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How to play the game

Blog - How to play the game

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It's not Sesame Street

Sesame Street.jpg

Many of us enter the Stock Market, with the notion that we can simply throw money in, and much more gets chucked back at us., that’s how it works isn’t it?

All we need to do is just choose a stock, and a “good company” and we’ll be rewarded with riches just like Warren Buffett.. that’s certainly the perception I know, but quite often the reality looks vastly different,.

I think many of the folks I talk to don’t seem to realize we’re playing against Wall Street… we’re NOT up against the crew from Sesame Street, and although it may look like an easy game to master, try asking the graveyards of the 97% who fail how easy it is.

What do I think is wrong?

When I observe some of the nonsense I see on Social Media, it really baffles me to the highest degree, to see rationale being built around a personal belief, instead of building a rationale based upon what the weight of the evidence is telling us, which you probably don’t need me to say, is an absolute cardinal sin when we talk about assessing risk, because that’s what we’re doing… we’re asking ourselves, if our hard earned money, is worth the risk on stock ABC, and when we start to bend a narrative, to suit your own beliefs this is what’s called confirmation bias.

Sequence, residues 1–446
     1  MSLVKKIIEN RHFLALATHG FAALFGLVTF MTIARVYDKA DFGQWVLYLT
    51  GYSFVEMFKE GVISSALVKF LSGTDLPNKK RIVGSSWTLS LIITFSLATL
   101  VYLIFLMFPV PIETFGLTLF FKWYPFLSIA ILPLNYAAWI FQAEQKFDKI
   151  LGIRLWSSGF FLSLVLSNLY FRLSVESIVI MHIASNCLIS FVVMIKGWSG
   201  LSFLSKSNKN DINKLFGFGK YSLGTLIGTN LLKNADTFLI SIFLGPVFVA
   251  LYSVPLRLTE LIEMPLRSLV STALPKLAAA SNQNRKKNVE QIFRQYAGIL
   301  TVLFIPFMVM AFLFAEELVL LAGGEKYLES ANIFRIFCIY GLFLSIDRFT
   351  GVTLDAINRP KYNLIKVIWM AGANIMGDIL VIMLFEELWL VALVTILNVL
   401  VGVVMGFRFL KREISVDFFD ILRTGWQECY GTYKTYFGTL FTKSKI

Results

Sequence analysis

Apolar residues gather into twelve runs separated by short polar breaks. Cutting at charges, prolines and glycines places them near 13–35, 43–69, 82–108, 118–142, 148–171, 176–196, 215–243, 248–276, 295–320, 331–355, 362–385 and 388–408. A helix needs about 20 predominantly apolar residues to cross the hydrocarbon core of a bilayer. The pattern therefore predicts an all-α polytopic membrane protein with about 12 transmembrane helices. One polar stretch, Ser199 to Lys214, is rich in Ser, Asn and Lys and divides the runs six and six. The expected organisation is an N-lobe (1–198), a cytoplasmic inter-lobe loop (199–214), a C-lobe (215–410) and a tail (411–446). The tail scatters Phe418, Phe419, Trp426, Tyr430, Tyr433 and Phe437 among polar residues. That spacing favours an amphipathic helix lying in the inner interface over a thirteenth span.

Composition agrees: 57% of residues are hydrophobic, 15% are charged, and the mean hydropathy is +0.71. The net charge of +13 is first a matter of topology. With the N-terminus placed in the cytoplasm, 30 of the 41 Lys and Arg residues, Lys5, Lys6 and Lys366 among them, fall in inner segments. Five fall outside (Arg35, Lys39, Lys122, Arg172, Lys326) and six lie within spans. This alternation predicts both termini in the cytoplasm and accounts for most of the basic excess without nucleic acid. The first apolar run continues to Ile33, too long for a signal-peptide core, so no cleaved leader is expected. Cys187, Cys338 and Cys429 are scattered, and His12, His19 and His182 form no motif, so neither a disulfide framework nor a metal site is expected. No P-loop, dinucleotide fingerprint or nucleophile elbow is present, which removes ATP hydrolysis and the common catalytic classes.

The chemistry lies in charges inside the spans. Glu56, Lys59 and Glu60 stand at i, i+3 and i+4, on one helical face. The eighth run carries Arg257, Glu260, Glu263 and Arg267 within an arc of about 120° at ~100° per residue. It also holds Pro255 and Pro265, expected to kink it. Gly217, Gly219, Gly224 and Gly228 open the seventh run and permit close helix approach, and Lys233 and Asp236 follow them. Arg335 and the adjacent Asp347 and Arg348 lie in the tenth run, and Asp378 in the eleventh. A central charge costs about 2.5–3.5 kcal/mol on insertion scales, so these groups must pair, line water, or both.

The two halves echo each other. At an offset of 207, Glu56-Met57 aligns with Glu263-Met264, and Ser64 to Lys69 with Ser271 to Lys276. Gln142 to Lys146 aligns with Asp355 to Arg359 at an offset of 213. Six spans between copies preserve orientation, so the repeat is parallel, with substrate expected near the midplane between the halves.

The Definition of Confirmation Bias - “the tendency to interpret new evidence as confirmation of one's existing beliefs or theories”

You see, confirmation bias is 1 of the biggest threats to individual success in the markets because as a collective, the human mind has a tendency to convince itself, that route X is the best possible route to success, despite the glaringly obvious contrary evidence to taking route Y.

In the same way you might convince yourself you’re correct when having a minor quarrel with your significant other, and try to persuade them why you’re 100% correct, despite the overwhelming evidence to the contrary… why is it you still attempt to argue your corner?…. despite knowing the overwhelming evidence building against you?

How many of you have then placed a bet and then eventually lost?

And when we apply this dangerous mindset to the Markets, it’s an incredibly risky place to be and let me back it up with a couple of examples…..

To state the obvious….

Wall Street LOVE your confirmation bias, and Wall Street loves the amateur mistake of “lets buy this lovely looking company” because it has a nice name, … let’s take the example of Electronic Arts (EA)… way back on the 23rd October, the Technical’s were breaking down, and I posted this chart into my client group ( I save EVERY chart I post into my group for complete transparency for my website).

I lost count of the number of Social Media comments telling everyone to buy the stock simply because it was a “huge discount” from it’s former highs, the theory is it’ll go back up there and you’ll make money right? It’s a great company right? Xmas gaming sales will kick in and the stock will get back to where it belongs right?

Wrong